Michael Horowitz Well, you have this question and this challenge I often talk about, which is in the federal prison system, there are very few inmates who will not get out of jail at some point. There are very few life sentences in the federal system. Whether you think sentences should be stronger and harsher or more lenient. Everybody can agree, at some point, inmates are getting out of jail. Everybody should agree that we want inmates to come out of jail, reformed to some degree, not made worse, but made better afterwards. And we want to cut down recidivism rates. And that’s the challenge and that’s the problem. If you have a disaffected staff there because they’re not getting the support they need, they’re not getting the staffing they need. They’re not seeing inmates get the medical care they need, the mental health treatment they need that cascades to everybody.
Tom Temin I mean, incarceration should be the punishment, but it shouldn’t be a sentence to further deterioration of your health and well-being. Mentally, physically, the incarceration itself constitutes the punishment.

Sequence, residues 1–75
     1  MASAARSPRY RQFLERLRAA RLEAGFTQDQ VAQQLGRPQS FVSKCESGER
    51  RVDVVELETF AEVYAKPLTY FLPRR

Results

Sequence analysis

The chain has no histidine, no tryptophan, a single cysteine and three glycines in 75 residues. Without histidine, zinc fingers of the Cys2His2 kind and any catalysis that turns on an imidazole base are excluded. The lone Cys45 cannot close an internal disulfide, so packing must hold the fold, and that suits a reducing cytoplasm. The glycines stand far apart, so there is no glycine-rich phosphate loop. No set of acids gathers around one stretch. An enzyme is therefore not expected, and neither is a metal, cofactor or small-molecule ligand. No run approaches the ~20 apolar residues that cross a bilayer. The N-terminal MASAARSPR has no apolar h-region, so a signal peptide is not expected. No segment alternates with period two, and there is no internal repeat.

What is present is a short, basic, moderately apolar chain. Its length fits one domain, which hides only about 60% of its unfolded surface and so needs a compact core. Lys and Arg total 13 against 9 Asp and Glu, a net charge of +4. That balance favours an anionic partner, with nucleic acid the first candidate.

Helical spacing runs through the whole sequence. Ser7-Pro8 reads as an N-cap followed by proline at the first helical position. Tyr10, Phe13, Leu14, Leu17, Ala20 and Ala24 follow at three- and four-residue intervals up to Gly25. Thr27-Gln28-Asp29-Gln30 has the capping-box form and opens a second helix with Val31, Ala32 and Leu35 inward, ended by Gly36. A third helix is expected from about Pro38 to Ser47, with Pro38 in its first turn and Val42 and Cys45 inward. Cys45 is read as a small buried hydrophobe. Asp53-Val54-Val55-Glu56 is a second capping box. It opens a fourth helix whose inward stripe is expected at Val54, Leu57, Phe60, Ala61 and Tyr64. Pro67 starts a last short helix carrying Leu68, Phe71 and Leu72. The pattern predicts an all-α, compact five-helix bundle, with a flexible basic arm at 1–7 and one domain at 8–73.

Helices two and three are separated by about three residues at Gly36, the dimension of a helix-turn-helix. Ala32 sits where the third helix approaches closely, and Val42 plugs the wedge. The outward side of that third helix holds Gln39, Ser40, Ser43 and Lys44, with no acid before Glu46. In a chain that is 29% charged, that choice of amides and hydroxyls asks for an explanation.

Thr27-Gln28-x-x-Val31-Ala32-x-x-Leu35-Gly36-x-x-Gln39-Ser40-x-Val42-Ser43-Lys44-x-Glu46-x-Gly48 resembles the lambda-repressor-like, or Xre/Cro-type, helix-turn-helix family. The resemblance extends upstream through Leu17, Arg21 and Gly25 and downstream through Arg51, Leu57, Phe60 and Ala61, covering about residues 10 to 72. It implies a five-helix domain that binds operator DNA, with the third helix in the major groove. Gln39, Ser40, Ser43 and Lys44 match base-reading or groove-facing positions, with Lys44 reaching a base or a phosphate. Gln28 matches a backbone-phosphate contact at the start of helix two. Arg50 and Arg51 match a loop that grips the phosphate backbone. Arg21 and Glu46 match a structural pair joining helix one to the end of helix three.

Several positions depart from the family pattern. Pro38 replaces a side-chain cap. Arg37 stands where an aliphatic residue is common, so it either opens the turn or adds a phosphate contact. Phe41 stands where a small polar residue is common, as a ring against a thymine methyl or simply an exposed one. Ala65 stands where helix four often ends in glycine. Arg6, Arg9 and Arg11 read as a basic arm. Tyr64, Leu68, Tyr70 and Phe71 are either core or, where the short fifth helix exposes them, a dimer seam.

Michael Horowitz Right I mean, it’s a dual purpose. It’s punishment, but it’s very importantly, rehabilitation. You want people to become more productive when they come out of jail, not angrier or suffering greater mental health issues because no one treated them. You often think about this. We hear about this every day, unfortunately, terribly now, about people with mental health problems on our streets. Well, when they’re in our jails, federal jails, for example, they’re in the federal government’s custody. There’s an ability to help and treat them. That’s a scenario that should be happening.
Tom Temin is host of the Federal Drive and has been providing insight on federal technology and management issues for more than 30 years.